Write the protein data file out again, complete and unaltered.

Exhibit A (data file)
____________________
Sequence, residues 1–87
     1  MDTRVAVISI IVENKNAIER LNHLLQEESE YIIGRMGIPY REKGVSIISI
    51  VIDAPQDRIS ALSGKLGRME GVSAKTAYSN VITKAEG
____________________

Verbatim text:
Sequence, residues 1–87
     1  MDTRVAVISI IVENKNAIER LNHLLQEESE YIIGRMGIPY REKGVSIISI
    51  VIDAPQDRIS ALSGKLGRME GVSAKTAYSN VITKAEG